August 12, 2008
Handle With Care
By CORNELIA DEAN
Last year, a private company proposed "fertilizing" parts of the ocean with iron, in hopes of encouraging carbon-absorbing blooms of plankton. Meanwhile, researchers elsewhere are talking about injecting chemicals into the atmosphere, launching sun-reflecting mirrors into stationary orbit above the earth or taking other steps to reset the thermostat of a warming planet.
This technology might be useful, even life-saving. But it would inevitably produce environmental effects impossible to predict and impossible to undo. So a growing number of experts say it is time for broad discussion of how and by whom it should be used, or if it should be tried at all.
Similar questions are being raised about nanotechnology, robotics and other powerful emerging technologies. There are even those who suggest humanity should collectively decide to turn away from some new technologies as inherently dangerous.
"The complexity of newly engineered systems coupled with their potential impact on lives, the environment, etc., raise a set of ethical issues that engineers had not been thinking about," said William A. Wulf, a computer scientist who until last year headed the National Academy of Engineering. As one of his official last acts, he established the Center for Engineering, Ethics, and Society there.
Rachelle Hollander, a philosopher who directs the center, said the new technologies were so powerful that "our saving grace, our inability to affect things at a planetary level, is being lost to us," as human-induced climate change is demonstrating.
Engineers, scientists, philosophers, ethicists and lawyers are taking up the issue in scholarly journals, online discussions and conferences in the United States and abroad. "It's a hot topic," said Ronald C. Arkin, a computer scientist at Georgia Tech who advises the Army on robot weapons. "We need at least to think about what we are doing while we are doing it, to be aware of the consequences of our research."
So far, though, most scholarly conversation about these issues has been "piecemeal," said Andrew Maynard, chief science adviser for the Project on Emerging Nanotechnologies at the Woodrow Wilson Center in Washington. "It leaves the door open for people to do something that is going to cause long-term problems."
That's what some environmentalists said they feared when Planktos, a California-based concern, announced it would embark on a private effort to fertilize part of the South Atlantic with iron, in hopes of producing carbon-absorbing plankton blooms that the company could market as carbon offsets. Countries bound by the London Convention, an international treaty governing dumping at sea, issued a "statement of concern" about the work and a United Nations group called for a moratorium, but it is not clear what would have happened had Planktos not abandoned the effort for lack of money.
"There is no one to say 'thou shalt not,' " said Jane Lubchenco, an environmental scientist at Oregon State University and a former president of the American Association for the Advancement of Science.
When scientists and engineers discuss geoengineering, it is obvious they are talking about technologies with the potential to change the planet. But the issue of engineering ethics applies as well to technologies whose planet-altering potential may not emerge until it is too late.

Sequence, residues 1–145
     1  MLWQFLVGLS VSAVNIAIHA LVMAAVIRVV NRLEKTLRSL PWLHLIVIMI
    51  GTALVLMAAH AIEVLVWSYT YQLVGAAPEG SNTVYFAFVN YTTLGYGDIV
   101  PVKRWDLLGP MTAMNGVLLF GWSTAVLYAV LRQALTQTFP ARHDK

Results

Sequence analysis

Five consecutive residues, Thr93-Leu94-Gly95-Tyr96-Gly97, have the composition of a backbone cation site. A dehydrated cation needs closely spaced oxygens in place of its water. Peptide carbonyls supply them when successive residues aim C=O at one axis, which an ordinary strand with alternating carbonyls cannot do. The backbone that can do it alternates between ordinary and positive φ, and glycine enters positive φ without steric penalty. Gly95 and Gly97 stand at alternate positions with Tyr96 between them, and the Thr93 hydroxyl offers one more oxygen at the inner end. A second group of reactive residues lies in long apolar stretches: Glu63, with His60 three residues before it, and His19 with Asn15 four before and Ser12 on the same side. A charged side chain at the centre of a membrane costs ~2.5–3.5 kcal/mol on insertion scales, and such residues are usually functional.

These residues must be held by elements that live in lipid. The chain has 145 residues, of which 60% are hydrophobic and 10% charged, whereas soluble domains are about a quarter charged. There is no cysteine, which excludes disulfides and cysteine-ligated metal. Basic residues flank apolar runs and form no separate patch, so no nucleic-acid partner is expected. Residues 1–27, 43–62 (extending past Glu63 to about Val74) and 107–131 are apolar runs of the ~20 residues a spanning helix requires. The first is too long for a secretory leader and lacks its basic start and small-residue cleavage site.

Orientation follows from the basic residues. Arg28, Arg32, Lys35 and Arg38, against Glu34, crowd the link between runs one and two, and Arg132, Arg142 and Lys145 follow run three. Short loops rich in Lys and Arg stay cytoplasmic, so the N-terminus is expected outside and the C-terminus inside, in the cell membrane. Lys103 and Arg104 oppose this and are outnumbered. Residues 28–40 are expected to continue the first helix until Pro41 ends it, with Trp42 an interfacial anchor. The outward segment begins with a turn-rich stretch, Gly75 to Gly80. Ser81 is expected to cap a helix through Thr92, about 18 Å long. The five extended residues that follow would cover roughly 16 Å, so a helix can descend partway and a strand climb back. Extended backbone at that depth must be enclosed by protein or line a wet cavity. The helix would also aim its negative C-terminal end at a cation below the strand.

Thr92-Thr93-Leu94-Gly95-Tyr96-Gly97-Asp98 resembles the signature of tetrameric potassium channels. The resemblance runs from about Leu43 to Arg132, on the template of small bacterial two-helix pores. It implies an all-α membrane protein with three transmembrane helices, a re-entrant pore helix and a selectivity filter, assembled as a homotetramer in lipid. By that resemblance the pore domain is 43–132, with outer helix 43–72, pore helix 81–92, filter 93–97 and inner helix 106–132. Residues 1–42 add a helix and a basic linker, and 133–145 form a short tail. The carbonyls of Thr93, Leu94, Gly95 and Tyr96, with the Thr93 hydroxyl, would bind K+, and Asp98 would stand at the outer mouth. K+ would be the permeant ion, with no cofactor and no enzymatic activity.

Dr. Arkin said robotics researchers should consider not just how to make robots more capable, but also who must bear responsibility for their actions and how much human operators should remain "in the loop," particularly with machines to aid soldiers on the battlefield or the disabled in their homes.
But he added that progress in robotics was so "insidious" that people might not realize they had ventured into ethically challenging territory until too late.
Ethical and philosophical issues have long occupied biotechnology, where institutional review boards commonly rule on proposed experiments and advisory committees must approve the use of gene-splicing and related techniques. When the federal government initiated its effort to decipher the human genome, a percentage of the budget went to consideration of ethics issues like genetic discrimination.
But such questions are relatively new for scientists and engineers in other fields. Some are calling for the same kind of discussion that microbiologists organized in 1975 when the immense power of their emerging knowledge of gene-splicing or recombinant DNA began to dawn on them. The meeting, at the Asilomar conference center in California, gave rise to an ethical framework that still prevails in biotechnology.
"Something like Asilomar might be very important," said Andrew Light, director of the Center for Global Ethics at George Mason University, one of the organizers of a conference in Charlotte, N.C., in April on the ethics of emerging technologies. "The question now is how best to begin that discussion among the scientists, to encourage them to do something like this, then figure out what would be the right mechanism, who would fund it, what form would recommendations take, all those details."
But an engineering Asilomar might be hard to bring off. "So many people have their nose to the bench," Dr. Arkin said, "historically a pitfall of many scientists." Anyway, said Paul Thompson, a philosopher at Michigan State and former secretary of the International Society for Environmental Ethics, many scientists were trained to limit themselves to questions answerable in the real world, in the belief that "scientists and engineers should not be involved in these kinds of ethical questions."